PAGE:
The House continues to drag its feet on addressing property insurance reforms by refusing to act on the Senate’s property insurance reform package (SB 1728), effectively killing it.
This inaction comes as end-of-year financials roll in showing homeowner insurance companies lost another $1.5 billion in 2021, with Progressive leading the pack $250 million in the red.
Notably, the overall total doesn’t include losses from St. Johns Insurance and Avatar Insurance, both of which went belly up last month. The losses will no doubt be significant, as St. Johns was the eighth-largest homeowners’ insurance company and served 170,000 policyholders, and Avatar underwrote thousands more.
For consumers, mounting losses mean one thing: rate increases.
Those have become the norm as the property insurance market continues its downward spiral. Earlier this month, the Florida Insurance Guaranty Association approved a $190 million assessment that will be paid by homeowners through their property insurance bills.
It came less than six months after FIGA’s approval of a separate, $168 million assessment. The Florida Office of Insurance Regulation must grant final approval on the assessments, and it already has for the one greenlit in September.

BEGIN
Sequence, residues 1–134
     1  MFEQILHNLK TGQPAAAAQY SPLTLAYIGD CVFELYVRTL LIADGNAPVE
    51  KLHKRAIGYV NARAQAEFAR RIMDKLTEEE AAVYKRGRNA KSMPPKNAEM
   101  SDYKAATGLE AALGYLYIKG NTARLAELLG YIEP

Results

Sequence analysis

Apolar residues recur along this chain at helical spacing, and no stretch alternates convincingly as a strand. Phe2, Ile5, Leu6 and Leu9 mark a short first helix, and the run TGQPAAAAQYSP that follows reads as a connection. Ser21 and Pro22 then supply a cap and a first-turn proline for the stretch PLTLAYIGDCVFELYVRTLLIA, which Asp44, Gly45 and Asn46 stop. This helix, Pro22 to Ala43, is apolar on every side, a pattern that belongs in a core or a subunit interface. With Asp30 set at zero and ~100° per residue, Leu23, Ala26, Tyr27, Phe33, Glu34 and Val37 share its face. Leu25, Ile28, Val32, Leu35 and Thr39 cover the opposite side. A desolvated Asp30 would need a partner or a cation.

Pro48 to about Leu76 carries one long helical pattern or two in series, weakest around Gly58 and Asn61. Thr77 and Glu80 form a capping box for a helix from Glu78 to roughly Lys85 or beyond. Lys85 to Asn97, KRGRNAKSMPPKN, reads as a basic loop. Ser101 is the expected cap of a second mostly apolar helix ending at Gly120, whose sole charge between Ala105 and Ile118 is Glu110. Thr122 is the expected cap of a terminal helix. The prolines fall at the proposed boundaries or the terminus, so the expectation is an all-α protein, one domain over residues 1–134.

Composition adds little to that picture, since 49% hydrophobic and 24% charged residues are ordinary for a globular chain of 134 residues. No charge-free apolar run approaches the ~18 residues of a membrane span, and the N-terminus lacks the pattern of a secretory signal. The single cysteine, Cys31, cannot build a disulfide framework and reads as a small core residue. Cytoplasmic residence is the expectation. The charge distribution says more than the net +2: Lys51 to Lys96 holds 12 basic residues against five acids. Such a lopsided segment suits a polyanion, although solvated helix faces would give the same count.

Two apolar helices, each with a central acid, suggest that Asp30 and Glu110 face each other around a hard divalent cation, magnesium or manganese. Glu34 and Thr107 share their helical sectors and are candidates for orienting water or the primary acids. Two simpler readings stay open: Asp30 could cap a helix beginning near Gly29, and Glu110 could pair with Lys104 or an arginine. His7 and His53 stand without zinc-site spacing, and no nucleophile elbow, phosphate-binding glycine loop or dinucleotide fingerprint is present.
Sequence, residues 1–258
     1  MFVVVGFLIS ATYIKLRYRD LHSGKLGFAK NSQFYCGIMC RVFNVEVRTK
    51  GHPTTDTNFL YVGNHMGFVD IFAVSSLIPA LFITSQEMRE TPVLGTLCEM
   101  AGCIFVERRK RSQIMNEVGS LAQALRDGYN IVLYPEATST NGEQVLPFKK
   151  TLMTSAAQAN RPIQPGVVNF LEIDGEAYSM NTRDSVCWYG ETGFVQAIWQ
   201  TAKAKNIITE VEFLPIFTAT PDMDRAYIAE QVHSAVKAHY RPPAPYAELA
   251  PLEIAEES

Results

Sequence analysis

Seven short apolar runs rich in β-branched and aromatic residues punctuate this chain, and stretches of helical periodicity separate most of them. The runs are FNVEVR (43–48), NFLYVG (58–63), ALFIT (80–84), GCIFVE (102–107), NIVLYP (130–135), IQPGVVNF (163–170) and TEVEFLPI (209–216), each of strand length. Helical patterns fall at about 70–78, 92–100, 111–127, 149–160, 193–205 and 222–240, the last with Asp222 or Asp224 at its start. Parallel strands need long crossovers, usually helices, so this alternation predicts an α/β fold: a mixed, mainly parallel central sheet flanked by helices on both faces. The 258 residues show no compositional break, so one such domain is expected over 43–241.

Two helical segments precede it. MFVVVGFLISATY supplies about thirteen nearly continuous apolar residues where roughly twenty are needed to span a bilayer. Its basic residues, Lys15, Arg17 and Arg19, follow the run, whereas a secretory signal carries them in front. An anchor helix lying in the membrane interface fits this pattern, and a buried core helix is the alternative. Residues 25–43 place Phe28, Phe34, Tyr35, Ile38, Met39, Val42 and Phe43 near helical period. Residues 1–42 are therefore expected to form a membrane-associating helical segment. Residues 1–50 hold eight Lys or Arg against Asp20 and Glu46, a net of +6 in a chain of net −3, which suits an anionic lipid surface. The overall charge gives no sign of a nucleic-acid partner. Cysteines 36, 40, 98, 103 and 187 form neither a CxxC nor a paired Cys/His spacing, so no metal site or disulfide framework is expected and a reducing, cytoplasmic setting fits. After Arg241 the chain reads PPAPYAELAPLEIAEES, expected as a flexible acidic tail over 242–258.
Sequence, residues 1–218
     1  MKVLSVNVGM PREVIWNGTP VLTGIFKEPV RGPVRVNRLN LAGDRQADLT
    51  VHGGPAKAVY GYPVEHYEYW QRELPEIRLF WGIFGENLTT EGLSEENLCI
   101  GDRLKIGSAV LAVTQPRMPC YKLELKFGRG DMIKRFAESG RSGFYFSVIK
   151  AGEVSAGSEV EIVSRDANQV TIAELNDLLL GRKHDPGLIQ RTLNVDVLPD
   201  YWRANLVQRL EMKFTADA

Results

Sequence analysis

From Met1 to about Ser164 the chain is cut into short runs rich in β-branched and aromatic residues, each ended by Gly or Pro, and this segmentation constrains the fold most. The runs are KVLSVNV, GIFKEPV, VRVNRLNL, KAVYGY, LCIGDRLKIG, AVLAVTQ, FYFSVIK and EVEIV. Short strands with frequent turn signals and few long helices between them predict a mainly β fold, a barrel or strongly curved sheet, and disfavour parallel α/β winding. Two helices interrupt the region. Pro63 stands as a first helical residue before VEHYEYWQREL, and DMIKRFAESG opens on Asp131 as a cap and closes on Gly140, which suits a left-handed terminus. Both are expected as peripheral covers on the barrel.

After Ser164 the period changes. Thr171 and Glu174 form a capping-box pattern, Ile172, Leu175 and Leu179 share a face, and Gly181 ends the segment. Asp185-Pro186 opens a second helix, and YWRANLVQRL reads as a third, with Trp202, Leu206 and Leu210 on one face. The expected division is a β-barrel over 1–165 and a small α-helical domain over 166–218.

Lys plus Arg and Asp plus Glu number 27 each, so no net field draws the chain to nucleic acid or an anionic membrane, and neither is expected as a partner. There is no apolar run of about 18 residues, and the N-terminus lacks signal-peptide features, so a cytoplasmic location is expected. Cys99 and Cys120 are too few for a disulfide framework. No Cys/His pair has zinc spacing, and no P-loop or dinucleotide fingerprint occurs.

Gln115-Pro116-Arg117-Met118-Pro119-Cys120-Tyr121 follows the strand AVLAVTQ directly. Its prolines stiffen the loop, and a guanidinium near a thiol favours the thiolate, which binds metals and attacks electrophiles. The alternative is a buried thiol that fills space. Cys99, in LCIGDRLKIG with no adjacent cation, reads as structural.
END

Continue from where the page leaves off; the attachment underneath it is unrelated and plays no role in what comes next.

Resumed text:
Despite the dire circumstances, the House has maintained that reforms passed in the 2021 Legislative Session need more time to fully take root — 18 months from the July 2021 effective date — and that it will not consider further attempts to stabilize the market until then.
Time, however, is not on homeowners’ side. The state-backed Citizens Property Insurance Corp. passed 800,000 policyholders this week and litigation — cited by insurers as the key driver of market woes — spiked by 17% last month after rising 37% in January.
The 2021 reforms have had little if any effect. With a few weeks left in the first quarter of this year, litigation volume has already surpassed levels recorded in the second quarter of 2021, which was the last full quarter before last year’s reforms went into place.
Even with six months of reforms in 2021, Florida ended the year with 117,000 litigated claims against property insurance companies. National data shows that the average across all other states is around 900 litigated claims.
Carriers say roof claims, in particular, are behind the explosion of lawsuits. Homeowners are bearing the consequences, with many being dropped by their insurer once their roofs are 10 years old because they are seen as uninsurable.
The Senate’s property insurance bill contains a slew of changes aimed at reducing lawsuits and limiting costs related to roof damage claims. The most debated provision would allow insurers to limit coverage to the “stated value” of a roof, rather than on a depreciating scale over time and allows insurers to require a special roof deductible of up to 2% of the coverage limits.
The concept is seemingly a nonstarter for House Speaker Chris Sprowls, who has said he worries low- and fixed-income homeowners would be unable to afford to fix their roofs if they had such a policy.